Supreme Court ruling supercharges gubernatorial races as the abortion fight heads back to the states

Democrat Josh Shapiro is avidly pro-choice. Republican Doug Mastriano is avidly pro-life.

The views of the gubernatorial candidates in Pennsylvania are now going to get more attention with the Supreme Court’s decision to kick the issue of abortion back to the states.

“The governor’s race becomes paramount because of the governor’s veto power,” said John Cordisco, former chairman of the Bucks County Democrats in Pennsylvania.

“It’s one thing to have a court decision, it’s another to have legislation,” Mr. Cordisco said of the pending battle. “Now the issue of abortion is going to be front and center in the governor’s race.”

President Biden and congressional Democrats said the landmark ruling puts “Roe on the ballot” in the November midterm elections, where they are defending their fragile hold on the House and Senate and facing significant headwinds.

Odds are, though, that the most pressing abortion-related battles will play out at the state level now that governors can sign off on or knee-cap efforts to roll back or expand access to abortion.

“We know the Republican-led legislature is going to put a bill on the next governor’s desk to ban all abortions,” Mr. Shapiro said in a social media post. “I will veto that bill and protect abortion rights here in Pennsylvania, but my opponent he will sign it into law.”

In Pennsylvania, abortions are legal for up to 24 weeks and if a woman’s life or health is endangered.

Vulnerable Democrats across the US echoed the messages and tried to cash in on blowback against Friday’s ruling that overturned the 1973 Roe v. Wade decision that legalized abortion nationwide.

In a fundraising appeal, Gov. Gretchen Whitmer of Michigan said the ruling was “devastating” and warned that “Michigan’s dangerous abortion ban could go back into effect – making abortion a felony in Michigan.”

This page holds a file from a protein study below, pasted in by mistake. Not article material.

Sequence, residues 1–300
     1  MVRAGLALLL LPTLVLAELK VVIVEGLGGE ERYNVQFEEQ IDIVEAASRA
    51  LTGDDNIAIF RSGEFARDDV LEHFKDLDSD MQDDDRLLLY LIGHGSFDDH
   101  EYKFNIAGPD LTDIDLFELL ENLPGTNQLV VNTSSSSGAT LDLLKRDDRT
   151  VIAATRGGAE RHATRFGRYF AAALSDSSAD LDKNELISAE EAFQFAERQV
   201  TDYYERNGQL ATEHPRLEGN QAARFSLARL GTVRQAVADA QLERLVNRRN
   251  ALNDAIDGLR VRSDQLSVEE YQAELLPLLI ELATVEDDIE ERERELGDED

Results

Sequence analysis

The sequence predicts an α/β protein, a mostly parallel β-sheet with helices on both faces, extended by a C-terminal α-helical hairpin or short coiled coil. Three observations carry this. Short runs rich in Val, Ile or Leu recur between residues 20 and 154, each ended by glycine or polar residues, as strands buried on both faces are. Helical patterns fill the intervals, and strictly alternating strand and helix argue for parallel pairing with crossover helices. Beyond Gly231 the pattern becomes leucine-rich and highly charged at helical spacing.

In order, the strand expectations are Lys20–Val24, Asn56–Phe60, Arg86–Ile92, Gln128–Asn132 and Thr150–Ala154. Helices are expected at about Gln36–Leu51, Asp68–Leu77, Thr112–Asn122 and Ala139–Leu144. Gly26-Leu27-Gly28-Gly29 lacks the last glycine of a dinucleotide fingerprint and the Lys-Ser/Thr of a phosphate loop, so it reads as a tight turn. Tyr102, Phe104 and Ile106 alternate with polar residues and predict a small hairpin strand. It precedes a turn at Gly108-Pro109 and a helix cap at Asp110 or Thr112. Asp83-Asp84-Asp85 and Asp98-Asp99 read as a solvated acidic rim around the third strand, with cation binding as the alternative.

“I am running against a slew of opponents who want Michigan’s abortion ban to stay in place. With abortion access on the line this November, every contribution is critical, ”she said.

Gov. Tony Evers of Wisconsin said the “grim news” left him “heartbroken.”

“It’s now up to the states to protect access to abortion,” Mr. Evers said. “I’ve already vetoed nine extreme Republican bills. As long as governor I will do everything in my power to protect reproductive health care. ”

“Can you join my team in this fight to protect choice?” he said.

Polls show that most voters are more concerned with inflation, the economy and other issues than they are about abortion access.

“Those who are really concerned about abortion – especially liberal women – already vote Democratic anyway,” said Steve Mitchell, a Michigan-based GOP strategist. “So the question becomes: What will the impact be on independent women?”

Still, Mr. Mitchell said voter attitudes could change now that the long-anticipated ruling is a reality.

“It’s one thing to be told a decision is coming down, it’s another thing to have the decision come down,” he said. “Now voters have to deal with the reality that in Michigan unless there is a concern about the life of the mother, you can not get an abortion.”

Christopher P. Borick, a political science professor and director of the Muhlenberg College Institute of Public Opinion, said the abortion issue could help Democrats close the enthusiasm gap heading into the November election.

“Democrats are not energized in Pennsylvania,” Mr. Borick said. “Like in a lot of places, they are down right now. Republicans are incredibly energized, so now they have an issue that could help energize Democrats in a way that they otherwise would not be. ”

Others said the ruling will show how out of step Democrats are with voters.

“The Democrats think of this as an issue that will help them, but I do not believe it will,” said Charlie Gerow, a Pennsylvania-based GOP strategist and former gubernatorial candidate. “They are grossly misreading the electorate because even the folks in Pennsylvania who consider themselves pro-choice want abortion to be ‘safe, legal and rare.'”

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